We always get a lot of election-related submissions after it's really too late to consider them for publication. Here's a piece on behalf of the four major associations representing the North Carolina design and construction community.
Here's a letter from independent school leaders in support of the Opportunity Scholarship Act. It was signed by Peter T. Denton, Jr., Trinity School of Durham and Chapel Hill; Dr. Michael Fedewa, the Catholic Diocese of Raleigh; Coral Jeffries, New City Christian School, Asheville; Dr. Donald Larson, Brookstone Schools, Charlotte; and
Sylvia Wilson, Napoleon B. Smith Academy, Greensboro.
We have a rule against publishing Points of View submissions from elected officials, so you won't find this in the paper. But here's a look at the reasons four lawmakers – two Democrats and two Republicans – sponsored House Bill 944 or the Opportunity Scholarship Act.
Scores and scores of letters on the shooting deaths of 26 at a Connecticut elementary school. Here's a sampling:
Some letters to the editor about Sunday's story detailing Wake County school board member Debra Goldman's suggestion to Cary police that fellow board member Chris Malone might have been the burglar who took $130,000 in jewelry, cash and coins from her home in 2010. Malone told police the two had a relationship that was "personal and physical." Miss the story? Read it here.
Wake County school board Chairman Kevin Hill visited The N&O to talk on the record about the board's vote to fire superintendent Tony Tata. These are my NONVERBATIM notes. I didn't have a tape recorder. Just a laptop. One highlight: "The citizens of Wake County have to demand that the politics come out of the board. They’ve got to."
A look at the avalanche of emotion in the community in the wake of the school board's firing of Superintendent Tony Tata:
As a former marching band geek myself, I love, love, love this letter. Music is transformative. Making music available to children who have parents who can't afford to pursue it is an effort worth applauding:
As the principal at Lowe’s Grove Middle School, I want to thank Bob Moulton at National Pawn for his generous donation of over 100 instruments to the students of Durham Public Schools in general and Lowe’s Grove Middle School specifically.
Donations such as his allow students who may not be able to afford an instrument the opportunity to participate in band, and that is an invaluable tool in keeping many kids engaged in school.
I was one of those kids. My middle school principal told my parents that some kids just aren’t cut out for college and that I was not college material. Granted, I had given him much evidence to support his claim. The decisions I was making were leading me down the path of trouble and of dropping out of school.
However, the one hook that had my heart and soul was band. How could I drop out of school and give up my heart and soul? I couldn’t. Soon, my high school schedule consisted of marching band, symphonic band, jazz band and marimba band. I began playing with the city band and even played professionally in a country western band for a couple of years.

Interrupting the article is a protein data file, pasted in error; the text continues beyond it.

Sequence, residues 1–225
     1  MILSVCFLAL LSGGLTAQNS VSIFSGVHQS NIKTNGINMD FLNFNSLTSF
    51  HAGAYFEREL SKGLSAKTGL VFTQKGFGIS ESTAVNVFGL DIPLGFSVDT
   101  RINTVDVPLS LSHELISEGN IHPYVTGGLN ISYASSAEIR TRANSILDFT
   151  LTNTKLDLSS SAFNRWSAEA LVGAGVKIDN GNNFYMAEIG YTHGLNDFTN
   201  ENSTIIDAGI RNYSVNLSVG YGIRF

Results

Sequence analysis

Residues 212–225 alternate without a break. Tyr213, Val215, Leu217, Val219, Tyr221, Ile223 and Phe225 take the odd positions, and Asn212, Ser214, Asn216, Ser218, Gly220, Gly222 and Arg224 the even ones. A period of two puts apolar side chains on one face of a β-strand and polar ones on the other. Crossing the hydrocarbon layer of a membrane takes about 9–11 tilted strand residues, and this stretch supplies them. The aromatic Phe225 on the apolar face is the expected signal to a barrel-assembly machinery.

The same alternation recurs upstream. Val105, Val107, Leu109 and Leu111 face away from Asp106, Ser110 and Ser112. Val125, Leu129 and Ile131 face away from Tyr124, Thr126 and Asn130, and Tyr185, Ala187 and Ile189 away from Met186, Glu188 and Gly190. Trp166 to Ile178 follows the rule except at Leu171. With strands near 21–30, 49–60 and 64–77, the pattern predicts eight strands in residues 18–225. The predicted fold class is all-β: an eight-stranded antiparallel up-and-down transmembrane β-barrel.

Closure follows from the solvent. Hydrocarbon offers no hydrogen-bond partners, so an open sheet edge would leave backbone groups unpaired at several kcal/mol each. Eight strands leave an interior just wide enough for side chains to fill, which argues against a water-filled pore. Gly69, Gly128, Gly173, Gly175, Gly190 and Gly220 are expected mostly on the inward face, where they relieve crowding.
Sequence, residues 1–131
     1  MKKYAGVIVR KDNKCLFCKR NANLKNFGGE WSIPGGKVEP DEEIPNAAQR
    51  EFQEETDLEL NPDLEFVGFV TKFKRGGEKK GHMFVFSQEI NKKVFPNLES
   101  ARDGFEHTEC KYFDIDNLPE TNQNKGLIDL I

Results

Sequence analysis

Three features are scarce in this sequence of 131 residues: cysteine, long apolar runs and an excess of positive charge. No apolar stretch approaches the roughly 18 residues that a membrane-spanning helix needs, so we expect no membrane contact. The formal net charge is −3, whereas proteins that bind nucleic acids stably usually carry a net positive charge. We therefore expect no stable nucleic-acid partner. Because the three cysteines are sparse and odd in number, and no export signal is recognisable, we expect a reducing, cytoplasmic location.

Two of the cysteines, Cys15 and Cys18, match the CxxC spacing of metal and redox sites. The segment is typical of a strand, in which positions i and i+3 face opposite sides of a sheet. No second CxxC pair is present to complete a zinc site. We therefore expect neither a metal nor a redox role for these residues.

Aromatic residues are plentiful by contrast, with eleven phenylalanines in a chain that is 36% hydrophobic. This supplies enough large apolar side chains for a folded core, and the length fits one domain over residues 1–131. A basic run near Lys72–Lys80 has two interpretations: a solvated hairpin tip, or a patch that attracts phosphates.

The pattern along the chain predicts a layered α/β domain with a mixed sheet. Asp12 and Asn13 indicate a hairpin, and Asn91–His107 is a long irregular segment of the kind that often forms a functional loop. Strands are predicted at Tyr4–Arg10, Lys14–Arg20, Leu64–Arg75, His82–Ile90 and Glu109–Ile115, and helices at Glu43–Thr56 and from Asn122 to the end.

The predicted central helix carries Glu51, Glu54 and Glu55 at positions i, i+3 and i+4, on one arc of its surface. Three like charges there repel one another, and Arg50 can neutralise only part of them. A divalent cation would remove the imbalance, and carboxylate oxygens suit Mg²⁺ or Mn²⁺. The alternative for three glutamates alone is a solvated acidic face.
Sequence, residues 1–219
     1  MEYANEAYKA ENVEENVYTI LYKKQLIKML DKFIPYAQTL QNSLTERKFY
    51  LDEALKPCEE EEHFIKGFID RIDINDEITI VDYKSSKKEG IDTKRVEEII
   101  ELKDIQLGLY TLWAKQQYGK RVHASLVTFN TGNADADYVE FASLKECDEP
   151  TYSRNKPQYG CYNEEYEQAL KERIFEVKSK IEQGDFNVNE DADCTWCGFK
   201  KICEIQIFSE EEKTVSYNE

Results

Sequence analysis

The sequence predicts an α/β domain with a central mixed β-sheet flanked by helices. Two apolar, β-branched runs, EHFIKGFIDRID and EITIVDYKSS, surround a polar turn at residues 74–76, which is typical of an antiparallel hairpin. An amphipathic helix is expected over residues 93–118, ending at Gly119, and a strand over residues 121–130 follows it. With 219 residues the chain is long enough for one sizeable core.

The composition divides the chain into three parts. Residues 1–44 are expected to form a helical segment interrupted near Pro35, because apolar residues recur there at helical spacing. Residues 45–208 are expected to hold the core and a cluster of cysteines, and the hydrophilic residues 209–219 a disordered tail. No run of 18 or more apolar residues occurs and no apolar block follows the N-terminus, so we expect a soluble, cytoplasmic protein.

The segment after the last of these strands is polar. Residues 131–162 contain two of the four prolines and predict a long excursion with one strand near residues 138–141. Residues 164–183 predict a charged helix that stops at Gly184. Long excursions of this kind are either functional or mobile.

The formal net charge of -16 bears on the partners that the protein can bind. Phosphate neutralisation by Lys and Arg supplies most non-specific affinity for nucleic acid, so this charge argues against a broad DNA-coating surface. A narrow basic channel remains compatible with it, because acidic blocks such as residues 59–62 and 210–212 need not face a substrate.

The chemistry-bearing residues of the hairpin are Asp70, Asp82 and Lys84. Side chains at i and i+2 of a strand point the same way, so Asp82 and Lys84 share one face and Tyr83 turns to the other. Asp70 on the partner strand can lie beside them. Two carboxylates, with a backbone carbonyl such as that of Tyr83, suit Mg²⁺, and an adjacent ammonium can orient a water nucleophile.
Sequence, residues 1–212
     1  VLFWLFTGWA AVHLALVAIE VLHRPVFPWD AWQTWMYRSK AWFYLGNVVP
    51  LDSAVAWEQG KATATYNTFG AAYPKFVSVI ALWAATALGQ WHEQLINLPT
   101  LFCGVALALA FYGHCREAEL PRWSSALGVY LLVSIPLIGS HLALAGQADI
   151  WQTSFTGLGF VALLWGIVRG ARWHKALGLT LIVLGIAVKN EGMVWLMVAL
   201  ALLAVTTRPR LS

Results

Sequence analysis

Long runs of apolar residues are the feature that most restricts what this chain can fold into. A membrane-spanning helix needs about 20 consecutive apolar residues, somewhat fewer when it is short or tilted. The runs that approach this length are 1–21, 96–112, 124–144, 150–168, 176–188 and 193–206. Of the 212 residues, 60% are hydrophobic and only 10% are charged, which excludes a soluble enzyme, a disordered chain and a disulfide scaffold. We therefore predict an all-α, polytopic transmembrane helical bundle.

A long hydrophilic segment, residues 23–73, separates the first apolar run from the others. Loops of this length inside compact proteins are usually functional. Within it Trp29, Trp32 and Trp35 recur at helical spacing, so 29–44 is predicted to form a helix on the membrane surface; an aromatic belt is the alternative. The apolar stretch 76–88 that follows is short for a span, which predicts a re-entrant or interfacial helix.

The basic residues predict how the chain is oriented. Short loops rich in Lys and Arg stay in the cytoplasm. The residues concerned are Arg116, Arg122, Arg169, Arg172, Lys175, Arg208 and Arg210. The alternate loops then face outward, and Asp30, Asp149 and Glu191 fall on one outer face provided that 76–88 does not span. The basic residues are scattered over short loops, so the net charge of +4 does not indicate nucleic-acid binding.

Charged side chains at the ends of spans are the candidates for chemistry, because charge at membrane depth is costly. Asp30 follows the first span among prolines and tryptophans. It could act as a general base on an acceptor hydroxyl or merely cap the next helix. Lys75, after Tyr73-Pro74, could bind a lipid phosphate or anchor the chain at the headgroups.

Thanks to a scholarship, my college years were also filled with band. Yes, college. You see, my middle school principal was wrong. Wrong about me and wrong to give up on me. Thankfully, neither my parents nor my band director gave up me. Nor did they allow me to give up on myself. They got me involved in band, and that was all I needed.
I know, beyond a shadow of a doubt, that band engages many kids in ways that other subjects never can. It engages their hearts and touches their souls and draws them like a magnet to school. Band keeps kids grounded behaviorally and enhances them academically, and it is the incentive many kids need to make it all the way.
So, Mr. Moulton, thank you. Thank you for providing Lowe’s Grove Middle School the means to give more kids the opportunity to participate in a program that just may keep them in school. Who knows? The kid you helped save today may be the principal of a middle school tomorrow. Thank you.
Principal, Lowe's Grove Middle School, Durham
Even if you don't have kids, now is the time to buy pens, pencils, computer paper and other handy items that come under the broad category of school supplies.
Think about stocking up your home office or buy the ultra cheap deals and donate them to a nearby school or charity.
But do your homework! That includes reading the fine print. Some deals, especially some of those enticing free and penny deals, require a minimum purchase or involve a rebate.
Take a look at the very best of this week's deals:
Thanks to all the Campbell Law School students and staff who spent their Wednesday evening with me learning about coupons, rebates and frugal living.
If this is your first time reading the blog: Welcome!
I really enjoyed meeting all of you and hope you will make the Centsible Saver blog a regular part of your day as you look for grocery deals, freebies and other tips on saving money and living a frugal lifestyle.
Look for new posts about savings opportunities seven days a week. And be sure to check in on Wednesday and Sunday mornings when I post the best sales and coupon matchups at the supermarkets and drugstsores -- all of them tailored to Triangle shoppers.
If you have a question, feel free to ask away in the comments section of the blog or shoot me an email at firstname.lastname@example.org.